For the ruling BJP, it just cannot afford to lose, even closely.
No one is now talking about the hung assembly last time and the way the BJP Opposition engineered defections after a Congress-JD-S alliance had formed a government.
Such recourse to defection-based government-formation could put the BJP on the defensive not only in Karnataka but also in distant Madhya Pradesh, where too Shivraj Singh Chauhan returned as chief minister only after splitting the ruling Congress under then chief minister Kamal Nath.
Aspiring youthful Congress leader Jyotiraditya Scindia provided the cause and fulcrum, yes, but even without him, the BJP may have attempted precisely the same act. He was Sachin Pilot's equivalent in MP.
Where the BJP succeeded in MP, Pilot could not do it in native Rajasthan -- and had to stay put in the Grand Old Party, only to start complaining against Gehlot in this election year.
There is a message in it from the Congress. That high command trusted the old guard (Kamal Nath in MP and Gehlot in Rajasthan) and they have proved their loyalty to the party, without yielding to pressures from the BJP.
That was not the case with Scindia and Pilot.
The surmise is that even as Congress chief minister, the likes of Scindia in particular may have had enough for the BJP-ruled Centre to arm-twist them into submission, through raids and tax/court cases.
If true, the Congress high command had a 'visionary' approach to the state of things to come, though on the key issue of 'missionary' commitment to political campaign and electoral victories, they all have a long, long way to go.
It is also here that the Congress, even if it wins Karnataka, will have a huge problem on hand.
Long before the elections, the state party was divided over the chief minister's post, even when it was not the party's.
Former CM Siddaramaiah and state party president D K Shivakumar are in the fray.
The former's earlier reign was without great blemishes. The latter faced alleged harassment at the hands of central agencies and continues to face charges and cases flowing from tax raids, aimed at stifling his multiple contributions to the Congress poll machinery the last time round.
Indications are both have been working as much at cross-purposes against each other, even as they are working to a common strategy to defeat the ruling BJP, to begin with.
As if this were not enough, the Congress has admitted into the party a host of BJP veterans, whom the parent party had concluded were not worthy of re-nomination.
The list is long and those that have joined the Congress rival and also have got party nomination in the assembly polls, is equally so.
This has meant that the Congress had to disappoint party men who had been nurturing their respective constituencies with the hope of obtaining party nomination in an election they had hoped that they stood a better chance than in the past. It does not stop there, either.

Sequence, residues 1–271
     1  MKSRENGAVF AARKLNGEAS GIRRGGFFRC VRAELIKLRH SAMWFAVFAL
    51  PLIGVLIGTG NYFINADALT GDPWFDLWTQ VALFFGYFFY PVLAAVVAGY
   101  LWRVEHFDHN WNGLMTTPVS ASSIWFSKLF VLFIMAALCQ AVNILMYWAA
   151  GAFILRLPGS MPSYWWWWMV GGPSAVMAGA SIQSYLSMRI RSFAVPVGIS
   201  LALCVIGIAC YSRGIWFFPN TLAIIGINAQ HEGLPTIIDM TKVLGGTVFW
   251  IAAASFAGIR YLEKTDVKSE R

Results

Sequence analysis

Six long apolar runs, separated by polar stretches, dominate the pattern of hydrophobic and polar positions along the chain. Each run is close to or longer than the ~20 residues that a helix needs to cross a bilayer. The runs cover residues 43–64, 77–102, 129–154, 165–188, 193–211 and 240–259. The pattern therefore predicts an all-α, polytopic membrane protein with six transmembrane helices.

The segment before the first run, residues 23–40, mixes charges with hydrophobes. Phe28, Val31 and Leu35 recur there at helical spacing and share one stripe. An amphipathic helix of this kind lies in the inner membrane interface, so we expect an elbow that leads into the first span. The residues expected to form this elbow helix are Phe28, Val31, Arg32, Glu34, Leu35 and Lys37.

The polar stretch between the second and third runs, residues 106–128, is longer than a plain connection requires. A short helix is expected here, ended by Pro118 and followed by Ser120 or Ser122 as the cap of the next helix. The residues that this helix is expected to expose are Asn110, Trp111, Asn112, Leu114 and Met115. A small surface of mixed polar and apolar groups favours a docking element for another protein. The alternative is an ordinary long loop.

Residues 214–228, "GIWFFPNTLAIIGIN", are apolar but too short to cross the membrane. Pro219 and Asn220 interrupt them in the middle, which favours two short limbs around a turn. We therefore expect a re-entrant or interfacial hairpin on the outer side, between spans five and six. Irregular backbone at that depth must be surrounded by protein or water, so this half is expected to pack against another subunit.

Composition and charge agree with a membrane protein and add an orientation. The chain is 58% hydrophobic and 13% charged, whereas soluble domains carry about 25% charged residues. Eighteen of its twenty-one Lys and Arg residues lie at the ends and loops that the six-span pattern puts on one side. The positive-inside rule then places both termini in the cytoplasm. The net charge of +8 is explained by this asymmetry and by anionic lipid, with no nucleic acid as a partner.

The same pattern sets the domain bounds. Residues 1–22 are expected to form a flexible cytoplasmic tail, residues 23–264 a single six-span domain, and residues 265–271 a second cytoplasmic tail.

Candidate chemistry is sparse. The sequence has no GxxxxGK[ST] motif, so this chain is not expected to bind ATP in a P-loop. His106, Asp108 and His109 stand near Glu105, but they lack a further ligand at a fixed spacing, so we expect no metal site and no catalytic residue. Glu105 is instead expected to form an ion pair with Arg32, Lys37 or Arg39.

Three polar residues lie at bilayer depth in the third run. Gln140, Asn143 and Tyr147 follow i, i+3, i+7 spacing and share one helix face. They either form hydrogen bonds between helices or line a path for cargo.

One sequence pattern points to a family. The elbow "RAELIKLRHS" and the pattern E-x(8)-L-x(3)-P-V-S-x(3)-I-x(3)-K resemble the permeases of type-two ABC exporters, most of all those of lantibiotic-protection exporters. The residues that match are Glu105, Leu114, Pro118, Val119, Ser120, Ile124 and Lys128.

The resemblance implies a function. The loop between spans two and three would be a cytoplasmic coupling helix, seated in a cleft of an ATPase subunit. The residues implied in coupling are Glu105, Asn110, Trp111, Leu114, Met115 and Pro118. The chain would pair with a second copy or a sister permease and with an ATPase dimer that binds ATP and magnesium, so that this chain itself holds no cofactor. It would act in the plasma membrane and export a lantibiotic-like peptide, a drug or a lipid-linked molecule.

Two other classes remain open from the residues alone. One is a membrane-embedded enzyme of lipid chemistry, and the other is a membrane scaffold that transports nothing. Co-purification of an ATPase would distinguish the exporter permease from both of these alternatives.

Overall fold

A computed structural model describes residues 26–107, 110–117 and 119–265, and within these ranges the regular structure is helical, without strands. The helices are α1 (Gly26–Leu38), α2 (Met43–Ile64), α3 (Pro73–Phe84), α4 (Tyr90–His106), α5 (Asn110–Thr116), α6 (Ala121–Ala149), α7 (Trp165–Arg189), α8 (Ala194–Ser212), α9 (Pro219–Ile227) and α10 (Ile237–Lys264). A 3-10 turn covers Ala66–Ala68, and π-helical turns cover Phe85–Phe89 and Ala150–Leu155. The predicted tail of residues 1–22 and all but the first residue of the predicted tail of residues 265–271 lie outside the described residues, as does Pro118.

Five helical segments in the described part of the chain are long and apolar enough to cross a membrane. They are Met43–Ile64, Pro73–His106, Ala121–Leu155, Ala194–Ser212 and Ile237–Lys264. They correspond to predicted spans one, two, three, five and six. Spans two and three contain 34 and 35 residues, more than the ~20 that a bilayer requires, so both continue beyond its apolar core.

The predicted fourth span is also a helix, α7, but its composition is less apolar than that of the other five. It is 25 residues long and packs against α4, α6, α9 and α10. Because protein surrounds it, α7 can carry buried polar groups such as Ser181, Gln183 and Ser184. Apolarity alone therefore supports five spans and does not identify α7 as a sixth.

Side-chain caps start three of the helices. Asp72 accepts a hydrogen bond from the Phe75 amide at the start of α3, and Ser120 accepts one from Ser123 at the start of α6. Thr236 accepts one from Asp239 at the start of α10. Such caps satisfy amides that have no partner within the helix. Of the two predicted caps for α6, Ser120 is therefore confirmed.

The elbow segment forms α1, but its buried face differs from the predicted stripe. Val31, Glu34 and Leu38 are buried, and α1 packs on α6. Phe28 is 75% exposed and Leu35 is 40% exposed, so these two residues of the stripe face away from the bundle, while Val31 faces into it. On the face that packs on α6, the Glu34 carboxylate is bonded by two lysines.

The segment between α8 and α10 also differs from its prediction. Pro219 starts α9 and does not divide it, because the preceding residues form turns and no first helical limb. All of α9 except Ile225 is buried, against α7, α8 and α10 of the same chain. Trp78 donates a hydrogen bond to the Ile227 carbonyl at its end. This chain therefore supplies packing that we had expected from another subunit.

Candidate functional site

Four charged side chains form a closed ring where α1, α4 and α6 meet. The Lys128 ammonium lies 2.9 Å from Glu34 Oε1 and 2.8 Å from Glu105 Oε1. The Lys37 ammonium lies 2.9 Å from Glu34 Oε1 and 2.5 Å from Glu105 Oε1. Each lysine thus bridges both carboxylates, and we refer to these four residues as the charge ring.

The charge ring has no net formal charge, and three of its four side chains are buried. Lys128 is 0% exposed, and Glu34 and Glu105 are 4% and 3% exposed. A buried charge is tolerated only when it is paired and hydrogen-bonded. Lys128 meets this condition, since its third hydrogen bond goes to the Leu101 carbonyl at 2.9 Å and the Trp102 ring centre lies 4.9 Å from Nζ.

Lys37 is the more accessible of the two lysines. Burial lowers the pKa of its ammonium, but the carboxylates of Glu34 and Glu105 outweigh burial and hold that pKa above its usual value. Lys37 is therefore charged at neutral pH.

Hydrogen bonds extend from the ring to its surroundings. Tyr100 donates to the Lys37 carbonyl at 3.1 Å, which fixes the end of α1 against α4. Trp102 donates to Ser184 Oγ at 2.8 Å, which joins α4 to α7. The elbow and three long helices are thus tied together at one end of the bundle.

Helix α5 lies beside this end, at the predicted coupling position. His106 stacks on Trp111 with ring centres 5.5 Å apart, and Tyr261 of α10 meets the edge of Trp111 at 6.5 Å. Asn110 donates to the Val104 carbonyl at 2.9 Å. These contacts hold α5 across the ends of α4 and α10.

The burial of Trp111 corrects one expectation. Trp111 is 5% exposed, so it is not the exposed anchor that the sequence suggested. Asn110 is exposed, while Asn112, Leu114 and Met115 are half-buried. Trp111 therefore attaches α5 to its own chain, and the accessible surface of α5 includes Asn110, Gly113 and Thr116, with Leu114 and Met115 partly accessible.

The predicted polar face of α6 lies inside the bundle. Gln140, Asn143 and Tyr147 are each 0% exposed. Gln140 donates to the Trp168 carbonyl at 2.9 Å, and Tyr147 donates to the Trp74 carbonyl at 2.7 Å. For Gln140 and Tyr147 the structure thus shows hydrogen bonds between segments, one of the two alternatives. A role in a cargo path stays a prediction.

The top-heavy BJP defectors, if they won, would aspire for major ministerial positions. It is going to hurt loyal Congressmen even more. Either the BJP defectors or dissatisfied Congressmen would then be sitting ducks for the BJP leadership to poach, now or later.
Fighting with his back to the wall, the new chief minister, if from the Congress, will have little or no time for political administration, to ensure that he does not lose the voter's goodwill even before the Lok Sabha polls.
He can count only on one thing. That the BJP may not want to upset him too early lest an early failure should become an added problem for the party in all the polls to follow -- and not just in Karnataka -- may alone be his saving grace.
Not many may have noticed it. Even before Nitish Kumar met Mamata Banerjee and Akilesh Yadav, along with his RJD deputy Tejashwi Yadav, in his bid to form an Opposition alliance of some sort, the two, as also Delhi's Arvind Kejriwal, had registered strong protests against Rahul Gandhi's disqualification.
The effect of an appellate court restoring Rahul's Lok Sabha membership, say, pending his appeal in the original criminal defamation case in Gujarat, could cut both ways.
One, the Congress cadres and leaders may want him projected as the anti-BJP prime ministerial candidate, even pre-poll.
Many among the rest may resist it, thus making Nitish's job that much more difficult.
Even without it, the Congress's response to positivity emanating from other anti-BJP parties, both through the Nitish initiative and otherwise, is also not encouraging.
If the BJP Opposition in Delhi criticised Kejriwal recently on his having a lavish house and a luxury car -- which were against his poll promises of simple living even as CM -- the Congress too was too quick to hit out at him in equal vein.
Thereby hangs a tale, a tale about the possibility of an anti-BJP alliance for the Lok Sabha polls, which the Karnataka election results may herald -- one way or the other.
N Sathiya Moorthy, veteran journalist and author, is a Chennai-based policy analyst & political commentator.